The facility for non-payers typically is spartan, to say the least. No water, food or medical care is provided. Family members can come in and take care of loved ones, however. As you might expect, many people who survive whatever sent them to the hospital in the first place end up dying of dehydration, starvation or infection. Many of the dead are newborns.

Inhumane, you say? I’d agree, but the rationale sounds almost familiar. First, the hospital says, it can’t help others if some don’t pay their bills. Second, people should take responsibility for their own lives and their own health care needs.

I don’t imagine this is what the states of Minnesota, Arizona and others envision when they advocate for “freedom” from health insurance for their citizenry.

Actually, there is a pretty good way people can put aside money to pay for medical costs, and it’s called health insurance. 
  

 
 
Ronni Bennett, publisher of Time Goes By, posted an alert this morning that tomorrow, Tuesday, the Senate Finance Committee will debate the private option for inclusion or not in the Baucus Bill.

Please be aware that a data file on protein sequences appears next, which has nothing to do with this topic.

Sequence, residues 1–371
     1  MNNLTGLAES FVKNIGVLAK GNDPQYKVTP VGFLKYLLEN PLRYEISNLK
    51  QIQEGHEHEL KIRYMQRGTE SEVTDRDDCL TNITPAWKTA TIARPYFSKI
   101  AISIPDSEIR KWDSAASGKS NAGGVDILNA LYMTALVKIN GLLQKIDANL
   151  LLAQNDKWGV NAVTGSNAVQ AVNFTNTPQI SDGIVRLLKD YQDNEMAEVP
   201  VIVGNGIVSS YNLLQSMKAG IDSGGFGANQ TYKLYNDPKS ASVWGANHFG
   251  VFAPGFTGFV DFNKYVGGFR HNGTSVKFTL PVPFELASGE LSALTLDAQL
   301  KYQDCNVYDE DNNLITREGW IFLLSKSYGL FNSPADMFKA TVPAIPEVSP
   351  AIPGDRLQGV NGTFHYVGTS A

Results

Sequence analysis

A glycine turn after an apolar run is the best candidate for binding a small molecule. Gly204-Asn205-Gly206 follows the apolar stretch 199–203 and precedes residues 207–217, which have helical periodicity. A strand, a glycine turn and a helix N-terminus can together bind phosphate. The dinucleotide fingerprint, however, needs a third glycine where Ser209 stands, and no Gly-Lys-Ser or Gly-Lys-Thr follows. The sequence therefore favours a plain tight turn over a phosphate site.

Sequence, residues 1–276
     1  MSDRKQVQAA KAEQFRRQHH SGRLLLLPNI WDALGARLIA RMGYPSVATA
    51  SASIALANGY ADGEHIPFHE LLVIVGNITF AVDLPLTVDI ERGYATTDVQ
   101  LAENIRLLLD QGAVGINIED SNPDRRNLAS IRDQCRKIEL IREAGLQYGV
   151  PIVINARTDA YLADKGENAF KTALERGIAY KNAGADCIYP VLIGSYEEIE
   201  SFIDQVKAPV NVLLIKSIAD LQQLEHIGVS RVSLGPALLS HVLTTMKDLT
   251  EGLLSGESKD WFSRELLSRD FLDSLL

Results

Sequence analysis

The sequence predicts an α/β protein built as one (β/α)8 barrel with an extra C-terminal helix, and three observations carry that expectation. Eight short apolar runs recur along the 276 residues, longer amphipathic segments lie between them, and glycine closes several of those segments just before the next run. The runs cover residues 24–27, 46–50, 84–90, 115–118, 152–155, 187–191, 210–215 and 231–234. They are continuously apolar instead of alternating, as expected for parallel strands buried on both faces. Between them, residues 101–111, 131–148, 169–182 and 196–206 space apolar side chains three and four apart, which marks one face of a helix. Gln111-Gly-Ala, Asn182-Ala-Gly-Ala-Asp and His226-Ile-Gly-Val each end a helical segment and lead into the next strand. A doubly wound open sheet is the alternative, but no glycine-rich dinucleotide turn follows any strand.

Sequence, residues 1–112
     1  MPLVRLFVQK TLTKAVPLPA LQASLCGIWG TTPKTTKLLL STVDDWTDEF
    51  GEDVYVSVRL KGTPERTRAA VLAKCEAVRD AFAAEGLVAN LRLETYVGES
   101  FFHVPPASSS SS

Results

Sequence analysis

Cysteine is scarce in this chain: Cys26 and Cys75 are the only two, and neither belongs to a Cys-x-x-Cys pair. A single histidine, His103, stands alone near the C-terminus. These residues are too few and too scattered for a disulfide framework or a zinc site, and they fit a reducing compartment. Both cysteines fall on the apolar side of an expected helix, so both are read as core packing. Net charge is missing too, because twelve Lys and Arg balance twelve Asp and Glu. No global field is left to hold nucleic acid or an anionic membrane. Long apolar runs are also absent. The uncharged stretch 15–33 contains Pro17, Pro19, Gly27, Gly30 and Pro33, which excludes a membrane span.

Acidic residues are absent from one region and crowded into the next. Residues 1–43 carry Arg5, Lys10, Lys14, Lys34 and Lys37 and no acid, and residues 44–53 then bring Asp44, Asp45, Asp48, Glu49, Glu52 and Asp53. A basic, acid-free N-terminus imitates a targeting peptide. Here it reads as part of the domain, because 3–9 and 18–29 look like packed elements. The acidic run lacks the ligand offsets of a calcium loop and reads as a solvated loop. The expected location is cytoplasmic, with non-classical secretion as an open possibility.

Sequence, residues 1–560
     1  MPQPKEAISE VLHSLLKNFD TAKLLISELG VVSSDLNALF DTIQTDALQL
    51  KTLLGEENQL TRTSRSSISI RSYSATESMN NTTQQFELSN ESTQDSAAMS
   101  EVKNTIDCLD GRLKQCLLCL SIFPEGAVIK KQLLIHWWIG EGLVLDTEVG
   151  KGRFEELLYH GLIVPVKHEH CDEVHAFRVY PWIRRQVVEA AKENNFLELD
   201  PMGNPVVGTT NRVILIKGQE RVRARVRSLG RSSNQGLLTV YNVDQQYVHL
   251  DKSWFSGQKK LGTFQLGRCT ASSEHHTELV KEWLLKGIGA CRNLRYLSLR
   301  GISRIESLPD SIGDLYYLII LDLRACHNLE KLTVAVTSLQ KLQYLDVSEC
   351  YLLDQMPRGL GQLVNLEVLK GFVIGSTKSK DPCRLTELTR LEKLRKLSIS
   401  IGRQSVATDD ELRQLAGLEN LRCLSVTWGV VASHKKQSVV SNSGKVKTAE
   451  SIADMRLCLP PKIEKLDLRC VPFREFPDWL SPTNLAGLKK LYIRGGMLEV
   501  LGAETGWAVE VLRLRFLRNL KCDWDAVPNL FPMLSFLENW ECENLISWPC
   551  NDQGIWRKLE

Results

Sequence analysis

If you have some thoughts on that subject, write your senators TODAY.

Here is how to find your Congress members .

To contact Sen. Harry Reid, chairman of the Senate Finance Committee, use this Email form or call 202.224.3542.

In his most recent post, George Phenix, publisher of Blog of Ages, asks Congress to:

“Show some political backbone. Give us meaningful health care reform. Heroes welcome.”

 
 
Enough fear mongering!

In a Sunday editorial, the New York times called for an end to “obscuring and twisting the facts and spreading unwarranted fear” about health care reform.

The Times said: